It was the summer of 2003. I was in optimistic mood, having received my A Level results that confirmed my place at Oxford. I would be studying maths with the greatest minds in the country (or something to that effect; I can’t quite recall the precise wording in the prospectus). My only trepidation was that I was chosen by mistake — what if I was that guy who the tutors let in through error or misplaced sympathy?
Still, I was on my way to the dreaming spires and, with six weeks still to go, I had time on my hands. From the not-so-dreamy spires of Coventry, I dabbled in some extracurricular maths. As I rummaged through the popular maths literature (yes, such a genre does exist), I came across an intriguing unsolved problem, involving so-called twin primes.
Two numbers are said to be twin primes if they are both prime (no surprises there) and they are spaced two apart. So, for example, the pairings
5 and 7,
17 and 19,
29 and 31
are each twin primes, but the pairings
7 and 9,
37 and 41
are not (9 is not a prime, the difference between 41 and 37 is not two).
Here comes the problem:
How many twin primes are there?
Mathematicians have hypothesised that there are infinitely many occurrences of twin primes; the so-called Twin Prime Conjecture. It is the boldest of claims because we could never count them all manually, so it demands a sophisticated argument that can be applied beyond our familiar realms of the finite. To this day, no proof has been found, although mathematicians have long known that primes themselves are infinite in supply.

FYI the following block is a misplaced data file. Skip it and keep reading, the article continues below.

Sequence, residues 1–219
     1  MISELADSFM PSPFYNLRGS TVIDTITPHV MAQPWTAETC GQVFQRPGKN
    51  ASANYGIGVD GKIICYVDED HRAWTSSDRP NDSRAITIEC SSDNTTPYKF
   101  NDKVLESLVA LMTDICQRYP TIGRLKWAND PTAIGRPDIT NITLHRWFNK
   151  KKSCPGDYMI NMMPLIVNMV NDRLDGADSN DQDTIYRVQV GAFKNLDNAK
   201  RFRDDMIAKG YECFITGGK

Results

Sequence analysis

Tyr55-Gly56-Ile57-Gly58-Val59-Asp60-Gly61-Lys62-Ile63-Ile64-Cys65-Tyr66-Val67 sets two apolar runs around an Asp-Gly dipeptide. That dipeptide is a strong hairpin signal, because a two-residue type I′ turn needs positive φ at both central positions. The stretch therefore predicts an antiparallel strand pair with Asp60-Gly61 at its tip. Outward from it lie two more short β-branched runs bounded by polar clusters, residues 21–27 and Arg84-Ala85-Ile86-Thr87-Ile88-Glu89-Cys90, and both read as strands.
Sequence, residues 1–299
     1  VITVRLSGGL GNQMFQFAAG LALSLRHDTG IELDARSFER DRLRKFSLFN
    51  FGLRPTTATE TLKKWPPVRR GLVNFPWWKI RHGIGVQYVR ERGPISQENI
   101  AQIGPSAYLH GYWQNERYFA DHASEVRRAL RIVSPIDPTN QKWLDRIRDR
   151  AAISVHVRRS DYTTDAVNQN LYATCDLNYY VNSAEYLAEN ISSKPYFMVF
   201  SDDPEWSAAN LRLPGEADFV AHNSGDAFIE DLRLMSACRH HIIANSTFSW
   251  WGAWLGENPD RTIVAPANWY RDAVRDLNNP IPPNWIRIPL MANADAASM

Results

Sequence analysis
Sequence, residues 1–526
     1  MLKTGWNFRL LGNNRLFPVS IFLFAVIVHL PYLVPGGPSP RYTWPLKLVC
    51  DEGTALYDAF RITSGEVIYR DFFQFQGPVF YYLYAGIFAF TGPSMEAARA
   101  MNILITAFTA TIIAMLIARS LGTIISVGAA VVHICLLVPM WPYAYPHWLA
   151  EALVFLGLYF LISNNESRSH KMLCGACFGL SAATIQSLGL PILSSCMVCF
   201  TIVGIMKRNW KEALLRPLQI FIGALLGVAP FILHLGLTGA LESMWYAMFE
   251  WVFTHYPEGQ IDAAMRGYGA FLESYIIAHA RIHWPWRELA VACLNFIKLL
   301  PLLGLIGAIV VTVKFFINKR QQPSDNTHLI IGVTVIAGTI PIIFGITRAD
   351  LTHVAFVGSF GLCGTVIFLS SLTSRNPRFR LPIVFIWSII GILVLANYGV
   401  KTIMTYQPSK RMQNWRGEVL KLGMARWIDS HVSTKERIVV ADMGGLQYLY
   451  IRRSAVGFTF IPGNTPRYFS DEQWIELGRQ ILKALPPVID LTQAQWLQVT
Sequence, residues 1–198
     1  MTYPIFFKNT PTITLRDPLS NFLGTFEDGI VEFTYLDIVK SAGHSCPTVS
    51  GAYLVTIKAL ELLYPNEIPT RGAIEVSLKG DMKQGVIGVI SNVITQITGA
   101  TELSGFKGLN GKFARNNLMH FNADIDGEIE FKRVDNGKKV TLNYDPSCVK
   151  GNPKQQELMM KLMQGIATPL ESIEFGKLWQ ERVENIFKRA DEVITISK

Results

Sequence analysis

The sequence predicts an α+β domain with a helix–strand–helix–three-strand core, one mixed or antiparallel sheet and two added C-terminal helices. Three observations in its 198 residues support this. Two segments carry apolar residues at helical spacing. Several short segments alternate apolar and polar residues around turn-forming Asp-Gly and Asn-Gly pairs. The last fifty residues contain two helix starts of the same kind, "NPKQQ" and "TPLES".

I was astounded by the sheer simplicity with which the Twin Prime problem is stated. That it has confounded the best mathematical minds only added to the intrigue. With six weeks to burn, I got to work.
I scribbled down what little I knew of primes. As I recounted Euclid’s elegant proof that infinitely primes exist, I was struck by a new thought. What if his argument could be adapted to the case of twin primes? Thus was born my very own attempted proof of the Twin Primes Conjecture, cribbed from the work of one of the most celebrated mathematical minds.
Following Euclid’s proof, I convinced myself that twin primes could be generated by multiplying the first N primes, for any N. So, for example, multiplying the first two primes gives 2x3=6, from which we can get a prime on either side (5 and 7, the twins). Proceeding further, we can generate the twin primes 29 and 31 from the prime product 2x3x5. And if we continue this way, since there are infinitely many primes (thanks Euclid!), we can also generate infinitely many twin primes. QED, as the mathematicians say.
Euclid was my inspiration and, for a short time, I believed I was about to rise to his legendary status. Gone were the doubts I had over my readiness for university maths. A proof of the Twin Primes Conjecture was just the tonic I needed to persuade my tutors and my peers (and myself) of my mathematical competencies.
My mind was bouncing with excitement. What were my next steps? I could email my tutors-to-be to inform them of my breakthrough, or perhaps go straight to a journal.
I carried my excitement through the night, hoping sleep would clarify the best course of action. I could not escape a niggling doubt. My proof seemed too…simple. Surely this proof would have been developed by now? Then again, I could not see the obvious flaw.